In the search for a new chief executive to lead embattled Uber Technologies Inc., some investors across the country are favorable to the idea of choosing front-runner Jeff Immelt.
Thirty-five percent of investors say Uber should choose the former General Electric Co. CEO to helm the company, while 13 percent say the company should not hire him, according to an online Morning Consult poll conducted with The New York Times Aug. 21-22.
Fifty-three percent of the 502 investors polled, all of whom hold $50,000 or more in the market and half of whom have investments of more than $250,000, said they don’t know or have no opinion.
A new CEO will face an uphill battle at Uber, which has been plagued by criticism from employment and transport regulators, beset by competition in Asia and earned notoriety for reports of a sexist company culture and sexual harassment. Many of its scandals have been closely associated with co-founder Travis Kalanick, who stepped down as CEO June 20. New leadership could boost unparalleled growth for the company, which on Wednesday reported $8.7 billion in gross bookings for the second quarter, double the amount from the same time period in 2016, and a 150-percent global increase in trips over the previous year, according to CNBC.
Twenty-eight percent of customers who had stopped using the app due to poor perceptions of the company said they would come back if the company were to fire the CEO and bring in new leadership, according to June 15-21 Morning Consult polling.
David Kass, a professor of finance at the University of Maryland, compared Uber’s rapid growth to a company like Google Inc., which brought in experienced chief executive Eric Schmidt in 2001 to build a stabilizing corporate infrastructure. “Choosing someone like him [Immelt] is sort of like putting an adult in the room,” he said in a Wednesday phone interview.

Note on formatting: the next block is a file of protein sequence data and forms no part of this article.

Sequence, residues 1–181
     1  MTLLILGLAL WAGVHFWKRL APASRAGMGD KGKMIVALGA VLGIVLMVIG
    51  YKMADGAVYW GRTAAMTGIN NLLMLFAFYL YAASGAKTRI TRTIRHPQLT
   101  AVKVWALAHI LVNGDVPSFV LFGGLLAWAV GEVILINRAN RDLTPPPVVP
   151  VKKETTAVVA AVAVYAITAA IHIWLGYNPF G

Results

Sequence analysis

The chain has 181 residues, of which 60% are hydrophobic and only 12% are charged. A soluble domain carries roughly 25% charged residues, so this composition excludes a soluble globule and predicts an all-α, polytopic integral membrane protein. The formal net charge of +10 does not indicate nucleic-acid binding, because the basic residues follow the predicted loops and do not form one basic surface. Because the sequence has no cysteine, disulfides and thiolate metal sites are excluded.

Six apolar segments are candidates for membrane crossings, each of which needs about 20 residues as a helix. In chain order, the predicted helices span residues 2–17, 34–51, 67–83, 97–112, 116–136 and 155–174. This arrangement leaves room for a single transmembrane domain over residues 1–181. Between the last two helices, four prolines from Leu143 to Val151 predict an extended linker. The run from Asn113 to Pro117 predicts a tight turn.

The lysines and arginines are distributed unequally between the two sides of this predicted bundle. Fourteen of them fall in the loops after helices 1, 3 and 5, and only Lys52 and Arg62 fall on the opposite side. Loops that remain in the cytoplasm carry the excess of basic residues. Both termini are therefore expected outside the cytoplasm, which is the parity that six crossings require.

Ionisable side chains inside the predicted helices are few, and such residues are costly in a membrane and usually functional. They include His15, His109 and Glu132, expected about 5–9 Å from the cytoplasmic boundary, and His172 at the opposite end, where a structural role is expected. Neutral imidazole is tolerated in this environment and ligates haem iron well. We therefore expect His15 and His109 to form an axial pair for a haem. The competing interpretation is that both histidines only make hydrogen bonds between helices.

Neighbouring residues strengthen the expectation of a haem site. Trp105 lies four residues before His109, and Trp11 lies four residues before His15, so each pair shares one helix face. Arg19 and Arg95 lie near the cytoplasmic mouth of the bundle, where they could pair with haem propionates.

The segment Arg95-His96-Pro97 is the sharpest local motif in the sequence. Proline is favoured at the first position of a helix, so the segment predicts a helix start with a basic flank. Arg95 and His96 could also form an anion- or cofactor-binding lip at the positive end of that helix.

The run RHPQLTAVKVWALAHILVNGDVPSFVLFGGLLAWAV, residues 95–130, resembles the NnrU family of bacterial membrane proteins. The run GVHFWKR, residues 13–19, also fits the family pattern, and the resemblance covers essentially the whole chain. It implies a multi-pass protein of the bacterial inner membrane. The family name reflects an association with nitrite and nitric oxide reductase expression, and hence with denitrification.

Immelt, who led GE for just under 16 years before stepping down Aug. 1, is widely perceived as a managerial expert with integrity, government knowledge and a knack for global diplomacy, according to Jeffrey Sonnenfeld, a professor at the Yale School of Management who specializes in corporate governance.
“[Investors] think he has the large company experiences, but they’re wondering how he would deal with the politics of a creative, peculiar, genius entrepreneur,” Sonnenfeld said via phone interview Wednesday.
Some investors may be wary of Immelt’s role in GE’s disappointing stock performance — stocks fell considerably during his time as CEO, Kass noted. MarketWatch reported in June that under Immelt’s leadership, GE’s stock was the worst performer in the Dow Jones industrial average.
Forty-seven percent of investors surveyed said they have a favorable view of Immelt. More than half (55 percent) said Immelt did an excellent or good job as CEO of General Electric. While that’s higher than ousted CEO Kalanick’s 41-percent job approval rating, it falls behind ratings for other top CEOs: 77 percent for Facebook Inc. CEO Mark Zuckerberg, and 68 percent for Apple Inc. CEO Tim Cook.
“The question is: Who is the best person available for the job?” Kass said. “Mark Zuckerberg and Tim Cook are not available.”
Kass said the best candidate he’s heard so far is Hewlett Packard Enterprise CEO Meg Whitman, the only woman who was said to be on Uber’s shortlist. Whitman, however, eliminated the prospect of her departure from HP Enterprise in a series of tweets last month. “We have a lot of work still to do at HPE and I am not going anywhere,” the former eBay Inc. president and CEO tweeted July 27. “Uber’s CEO will not be Meg Whitman.” Whitman reiterated her stance in a Wall Street Journal interview Wednesday.
An Uber spokeswoman did not respond to a request for comment.
For Uber, the sooner the company makes a decision, the better, Sonnenfeld said. “There’s a leadership vacuum and too many empty desks in management and a board with governance battles taking place,” he noted. “The company is facing fires on every dimension.”